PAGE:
Exactly how nasty and gory the film is exists only in our imagination and the effects of this are reflected in the draining sanity of the Foley artist. Despite this being a work of fiction, about a work of fiction Strickland manages to develop a real feeling of being complicit in some horrible murder. This film bends and flips the worlds of pretend and reality developing real fear from something openly artificial.
8. The Wailing (2016)
Set in a small mountain town of South Korea The Wailing works as a strange blend of Twin Peaks and The Exorcist; at its centre is a family drama, but what’s happening to them only scratches the surface of some bigger evil affecting the town, which the residents can just barely comprehend.
Police officer Jong-goo is warned by a mysterious woman about the presence of a stranger from Japan who is living in the forest above his village. Meanwhile, a sickness is spreading throughout the town, killing entire families and eventually infecting Jong-goo’s young daughter.
Determined to put an end to everything Jong-goo goes to confront the stranger but finds, instead, an unusual shrine of worship full of pictures of the infected and dead villagers.
While the film does have one particularly impressive exorcism scene it generally plays its horror very low key. Concentrating instead on unpicking the normal life of the little town and its residents. The film itself reflects this; jump-scares are oddly played for laughs while each plot point nearly always ends in anti-climax, serving only to deepen the sense of mystery.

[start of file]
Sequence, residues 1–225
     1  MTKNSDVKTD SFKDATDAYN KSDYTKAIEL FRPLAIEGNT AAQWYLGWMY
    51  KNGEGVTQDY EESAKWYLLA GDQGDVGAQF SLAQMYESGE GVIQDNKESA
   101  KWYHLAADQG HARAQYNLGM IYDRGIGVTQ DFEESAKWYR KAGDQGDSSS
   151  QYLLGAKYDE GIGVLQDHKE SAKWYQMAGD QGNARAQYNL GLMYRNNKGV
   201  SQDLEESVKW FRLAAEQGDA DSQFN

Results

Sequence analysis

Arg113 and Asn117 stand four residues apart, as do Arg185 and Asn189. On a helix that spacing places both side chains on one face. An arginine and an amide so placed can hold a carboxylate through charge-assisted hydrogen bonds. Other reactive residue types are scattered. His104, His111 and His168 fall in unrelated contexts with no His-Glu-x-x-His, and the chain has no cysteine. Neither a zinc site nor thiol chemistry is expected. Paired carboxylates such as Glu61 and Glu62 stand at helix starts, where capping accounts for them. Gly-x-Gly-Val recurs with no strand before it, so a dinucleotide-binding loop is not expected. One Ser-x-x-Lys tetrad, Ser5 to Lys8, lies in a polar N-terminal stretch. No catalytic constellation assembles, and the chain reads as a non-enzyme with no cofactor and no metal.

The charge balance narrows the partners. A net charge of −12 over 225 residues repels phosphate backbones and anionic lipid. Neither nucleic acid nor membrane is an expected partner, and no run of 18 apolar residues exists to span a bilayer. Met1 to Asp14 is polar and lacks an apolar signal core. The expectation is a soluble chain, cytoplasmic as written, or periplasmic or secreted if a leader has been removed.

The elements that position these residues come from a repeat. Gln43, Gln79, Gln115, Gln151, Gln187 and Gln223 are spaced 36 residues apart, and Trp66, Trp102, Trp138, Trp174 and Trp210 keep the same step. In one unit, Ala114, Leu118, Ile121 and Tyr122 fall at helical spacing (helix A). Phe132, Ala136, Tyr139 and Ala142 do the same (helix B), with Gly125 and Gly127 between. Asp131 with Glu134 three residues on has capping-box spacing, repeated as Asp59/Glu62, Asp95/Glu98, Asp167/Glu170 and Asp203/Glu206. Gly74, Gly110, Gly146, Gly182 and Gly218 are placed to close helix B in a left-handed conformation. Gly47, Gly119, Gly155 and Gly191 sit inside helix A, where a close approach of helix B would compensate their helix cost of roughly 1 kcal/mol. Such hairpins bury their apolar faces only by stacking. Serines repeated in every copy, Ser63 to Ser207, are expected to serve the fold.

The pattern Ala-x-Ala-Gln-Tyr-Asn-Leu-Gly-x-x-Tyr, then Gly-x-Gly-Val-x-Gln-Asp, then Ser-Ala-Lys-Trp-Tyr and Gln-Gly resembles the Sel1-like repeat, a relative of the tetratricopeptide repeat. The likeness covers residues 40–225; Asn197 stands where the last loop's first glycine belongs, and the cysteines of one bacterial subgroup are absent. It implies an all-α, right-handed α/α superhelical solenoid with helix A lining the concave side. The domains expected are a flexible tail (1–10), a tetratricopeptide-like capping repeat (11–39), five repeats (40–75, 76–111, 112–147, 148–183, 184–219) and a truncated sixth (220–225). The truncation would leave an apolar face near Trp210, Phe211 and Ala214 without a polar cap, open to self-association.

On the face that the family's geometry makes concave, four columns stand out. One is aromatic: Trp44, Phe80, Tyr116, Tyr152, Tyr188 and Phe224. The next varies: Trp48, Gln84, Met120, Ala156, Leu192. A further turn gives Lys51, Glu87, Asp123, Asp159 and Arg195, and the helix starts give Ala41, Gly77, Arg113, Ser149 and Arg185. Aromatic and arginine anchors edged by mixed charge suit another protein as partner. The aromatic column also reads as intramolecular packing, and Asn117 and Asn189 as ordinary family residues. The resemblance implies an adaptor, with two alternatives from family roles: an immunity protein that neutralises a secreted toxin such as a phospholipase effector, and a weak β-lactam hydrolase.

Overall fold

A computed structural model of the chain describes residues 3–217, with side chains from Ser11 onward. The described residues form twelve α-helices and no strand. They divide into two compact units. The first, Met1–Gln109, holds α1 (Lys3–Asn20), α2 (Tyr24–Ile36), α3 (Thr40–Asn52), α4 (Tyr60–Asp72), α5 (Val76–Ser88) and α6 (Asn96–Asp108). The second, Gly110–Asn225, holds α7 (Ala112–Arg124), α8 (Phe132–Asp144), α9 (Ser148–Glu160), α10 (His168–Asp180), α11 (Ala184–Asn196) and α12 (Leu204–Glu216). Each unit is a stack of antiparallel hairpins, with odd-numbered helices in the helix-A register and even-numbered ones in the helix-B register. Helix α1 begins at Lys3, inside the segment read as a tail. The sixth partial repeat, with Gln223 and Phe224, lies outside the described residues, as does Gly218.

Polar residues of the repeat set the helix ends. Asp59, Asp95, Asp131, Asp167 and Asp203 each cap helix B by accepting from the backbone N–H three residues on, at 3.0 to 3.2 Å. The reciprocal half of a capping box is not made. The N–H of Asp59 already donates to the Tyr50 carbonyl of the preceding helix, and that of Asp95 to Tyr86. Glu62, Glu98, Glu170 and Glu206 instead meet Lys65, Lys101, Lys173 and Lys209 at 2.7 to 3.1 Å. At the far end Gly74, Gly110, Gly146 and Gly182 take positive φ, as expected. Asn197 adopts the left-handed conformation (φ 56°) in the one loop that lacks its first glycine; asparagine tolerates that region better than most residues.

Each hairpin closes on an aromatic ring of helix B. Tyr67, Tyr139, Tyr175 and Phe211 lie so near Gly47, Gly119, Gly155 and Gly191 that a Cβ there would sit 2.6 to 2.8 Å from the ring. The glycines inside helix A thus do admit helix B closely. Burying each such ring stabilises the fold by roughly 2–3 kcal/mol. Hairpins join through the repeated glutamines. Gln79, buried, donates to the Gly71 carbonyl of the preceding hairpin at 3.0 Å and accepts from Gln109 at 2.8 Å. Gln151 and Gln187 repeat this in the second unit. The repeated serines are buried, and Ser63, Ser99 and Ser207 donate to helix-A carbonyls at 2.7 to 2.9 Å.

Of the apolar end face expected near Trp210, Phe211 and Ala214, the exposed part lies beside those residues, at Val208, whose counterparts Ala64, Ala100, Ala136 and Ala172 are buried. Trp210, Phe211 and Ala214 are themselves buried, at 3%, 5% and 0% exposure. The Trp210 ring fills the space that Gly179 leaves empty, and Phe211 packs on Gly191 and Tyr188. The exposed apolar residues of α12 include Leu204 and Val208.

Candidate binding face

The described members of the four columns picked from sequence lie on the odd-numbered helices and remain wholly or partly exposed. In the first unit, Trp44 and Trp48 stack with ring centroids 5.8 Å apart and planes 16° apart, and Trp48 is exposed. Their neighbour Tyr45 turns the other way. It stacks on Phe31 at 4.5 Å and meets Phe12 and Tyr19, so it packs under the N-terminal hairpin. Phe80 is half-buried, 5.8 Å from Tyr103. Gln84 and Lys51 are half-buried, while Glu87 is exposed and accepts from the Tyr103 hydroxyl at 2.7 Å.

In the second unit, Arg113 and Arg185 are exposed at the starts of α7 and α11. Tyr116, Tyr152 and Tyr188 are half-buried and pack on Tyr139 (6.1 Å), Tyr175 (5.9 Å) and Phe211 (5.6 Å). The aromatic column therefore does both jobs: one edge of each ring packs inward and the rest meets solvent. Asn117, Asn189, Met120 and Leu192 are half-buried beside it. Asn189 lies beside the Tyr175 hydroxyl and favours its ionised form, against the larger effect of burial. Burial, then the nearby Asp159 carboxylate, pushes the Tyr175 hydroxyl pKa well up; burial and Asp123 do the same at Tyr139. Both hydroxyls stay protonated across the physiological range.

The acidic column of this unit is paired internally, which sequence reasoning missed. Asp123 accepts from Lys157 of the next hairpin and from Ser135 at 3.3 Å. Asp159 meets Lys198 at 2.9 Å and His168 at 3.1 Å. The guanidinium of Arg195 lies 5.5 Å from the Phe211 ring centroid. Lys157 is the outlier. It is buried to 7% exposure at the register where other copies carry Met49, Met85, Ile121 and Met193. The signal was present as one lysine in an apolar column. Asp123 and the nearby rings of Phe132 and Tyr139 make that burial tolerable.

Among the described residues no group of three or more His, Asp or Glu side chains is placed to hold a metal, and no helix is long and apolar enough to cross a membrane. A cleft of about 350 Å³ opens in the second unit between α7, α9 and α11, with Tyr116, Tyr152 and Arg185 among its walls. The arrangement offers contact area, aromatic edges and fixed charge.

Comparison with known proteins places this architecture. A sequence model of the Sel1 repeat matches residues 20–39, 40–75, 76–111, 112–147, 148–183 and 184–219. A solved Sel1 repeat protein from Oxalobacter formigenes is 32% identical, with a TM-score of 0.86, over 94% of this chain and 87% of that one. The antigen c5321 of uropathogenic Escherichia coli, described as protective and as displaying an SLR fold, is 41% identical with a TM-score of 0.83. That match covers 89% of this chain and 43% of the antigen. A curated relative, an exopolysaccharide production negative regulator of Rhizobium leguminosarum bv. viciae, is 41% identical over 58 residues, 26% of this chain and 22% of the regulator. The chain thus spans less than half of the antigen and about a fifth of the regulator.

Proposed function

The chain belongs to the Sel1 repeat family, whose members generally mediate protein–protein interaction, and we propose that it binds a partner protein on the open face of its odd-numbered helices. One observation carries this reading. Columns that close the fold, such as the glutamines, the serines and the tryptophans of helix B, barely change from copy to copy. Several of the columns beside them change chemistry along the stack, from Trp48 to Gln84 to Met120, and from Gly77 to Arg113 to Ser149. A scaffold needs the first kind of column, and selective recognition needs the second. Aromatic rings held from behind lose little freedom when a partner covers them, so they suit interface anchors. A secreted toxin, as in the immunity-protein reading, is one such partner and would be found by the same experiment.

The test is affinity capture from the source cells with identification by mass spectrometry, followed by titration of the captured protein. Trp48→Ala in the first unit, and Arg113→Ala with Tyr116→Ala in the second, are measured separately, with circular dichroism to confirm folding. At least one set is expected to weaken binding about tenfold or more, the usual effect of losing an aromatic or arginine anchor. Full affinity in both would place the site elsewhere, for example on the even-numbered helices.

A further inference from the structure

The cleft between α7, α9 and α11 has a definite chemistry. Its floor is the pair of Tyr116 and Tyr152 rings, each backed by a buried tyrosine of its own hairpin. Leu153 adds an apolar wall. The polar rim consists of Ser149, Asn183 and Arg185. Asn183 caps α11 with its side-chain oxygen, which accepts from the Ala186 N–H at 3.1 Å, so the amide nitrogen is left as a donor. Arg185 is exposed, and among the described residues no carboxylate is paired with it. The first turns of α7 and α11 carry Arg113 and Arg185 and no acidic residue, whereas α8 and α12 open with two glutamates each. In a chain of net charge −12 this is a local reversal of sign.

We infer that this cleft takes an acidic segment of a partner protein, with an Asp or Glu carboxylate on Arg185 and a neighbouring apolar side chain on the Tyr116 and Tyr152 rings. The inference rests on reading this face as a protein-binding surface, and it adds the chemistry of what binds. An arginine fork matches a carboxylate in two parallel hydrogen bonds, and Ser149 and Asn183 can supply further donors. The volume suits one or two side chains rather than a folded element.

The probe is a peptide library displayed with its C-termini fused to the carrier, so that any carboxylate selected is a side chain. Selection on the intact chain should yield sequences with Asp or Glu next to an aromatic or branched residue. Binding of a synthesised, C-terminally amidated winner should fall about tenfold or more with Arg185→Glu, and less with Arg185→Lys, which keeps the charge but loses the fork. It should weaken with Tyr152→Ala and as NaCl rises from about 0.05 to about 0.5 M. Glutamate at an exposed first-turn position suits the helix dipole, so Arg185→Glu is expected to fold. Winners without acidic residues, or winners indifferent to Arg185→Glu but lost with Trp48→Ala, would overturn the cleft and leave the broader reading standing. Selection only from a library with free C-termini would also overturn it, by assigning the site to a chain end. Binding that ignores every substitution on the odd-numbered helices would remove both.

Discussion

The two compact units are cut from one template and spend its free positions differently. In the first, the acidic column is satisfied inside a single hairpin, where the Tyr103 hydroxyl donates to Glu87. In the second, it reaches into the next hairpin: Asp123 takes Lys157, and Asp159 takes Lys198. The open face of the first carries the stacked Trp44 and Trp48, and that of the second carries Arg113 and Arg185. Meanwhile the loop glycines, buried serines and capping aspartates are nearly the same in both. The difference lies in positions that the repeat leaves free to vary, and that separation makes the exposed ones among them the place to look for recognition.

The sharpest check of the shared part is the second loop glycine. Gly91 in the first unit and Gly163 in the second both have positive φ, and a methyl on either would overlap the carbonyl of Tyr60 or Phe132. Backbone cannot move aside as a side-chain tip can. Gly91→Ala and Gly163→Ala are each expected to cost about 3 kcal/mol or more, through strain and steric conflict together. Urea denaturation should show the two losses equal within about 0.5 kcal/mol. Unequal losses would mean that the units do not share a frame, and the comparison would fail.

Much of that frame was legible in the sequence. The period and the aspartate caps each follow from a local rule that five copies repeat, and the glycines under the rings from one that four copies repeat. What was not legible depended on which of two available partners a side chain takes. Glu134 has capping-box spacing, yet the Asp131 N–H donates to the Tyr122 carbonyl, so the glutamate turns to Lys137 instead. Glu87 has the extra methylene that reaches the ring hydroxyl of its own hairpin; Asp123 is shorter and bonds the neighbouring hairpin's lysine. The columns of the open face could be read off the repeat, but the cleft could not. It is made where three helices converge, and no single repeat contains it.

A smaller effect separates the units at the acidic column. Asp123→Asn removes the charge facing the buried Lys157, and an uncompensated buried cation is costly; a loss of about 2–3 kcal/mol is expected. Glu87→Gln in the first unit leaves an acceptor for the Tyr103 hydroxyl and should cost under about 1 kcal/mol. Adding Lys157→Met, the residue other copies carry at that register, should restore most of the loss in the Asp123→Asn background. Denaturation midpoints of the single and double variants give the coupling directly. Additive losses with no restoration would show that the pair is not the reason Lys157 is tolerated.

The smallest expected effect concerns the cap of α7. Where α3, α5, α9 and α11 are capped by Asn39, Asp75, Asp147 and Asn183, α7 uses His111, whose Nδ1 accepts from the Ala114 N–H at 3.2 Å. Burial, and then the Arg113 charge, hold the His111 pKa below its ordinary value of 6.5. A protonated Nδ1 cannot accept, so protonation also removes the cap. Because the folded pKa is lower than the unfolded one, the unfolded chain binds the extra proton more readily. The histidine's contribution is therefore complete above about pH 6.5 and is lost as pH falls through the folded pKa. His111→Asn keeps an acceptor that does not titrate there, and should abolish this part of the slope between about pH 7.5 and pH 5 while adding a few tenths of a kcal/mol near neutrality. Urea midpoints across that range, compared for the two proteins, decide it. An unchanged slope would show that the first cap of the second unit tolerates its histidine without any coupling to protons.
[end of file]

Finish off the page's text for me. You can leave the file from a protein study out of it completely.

This is not a film you watch for answers, in fact, its strength lies in misdirection with characters directly lying or contradicting one another and who (or what) they are getting more and more confusing. The film is incredibly well made and will keep you guessing right to the very end as it builds to a conclusion that will stay with you long after the credits roll.
9. The Happiness of The Katakuris (2001)
Offered as a bit of ‘light relief’ The Happiness of the Katakuris is one of the best horror-comedies of all time delivered to you by the brilliant sensationalist, Takeshi Miike. The Katakuris are struggling to make money from their failing guesthouse, made all the worse by each of their guests mysteriously dying. Refusing to give up they bury the bodies and pray the news doesn’t get out, but the dead won’t stay dead for long.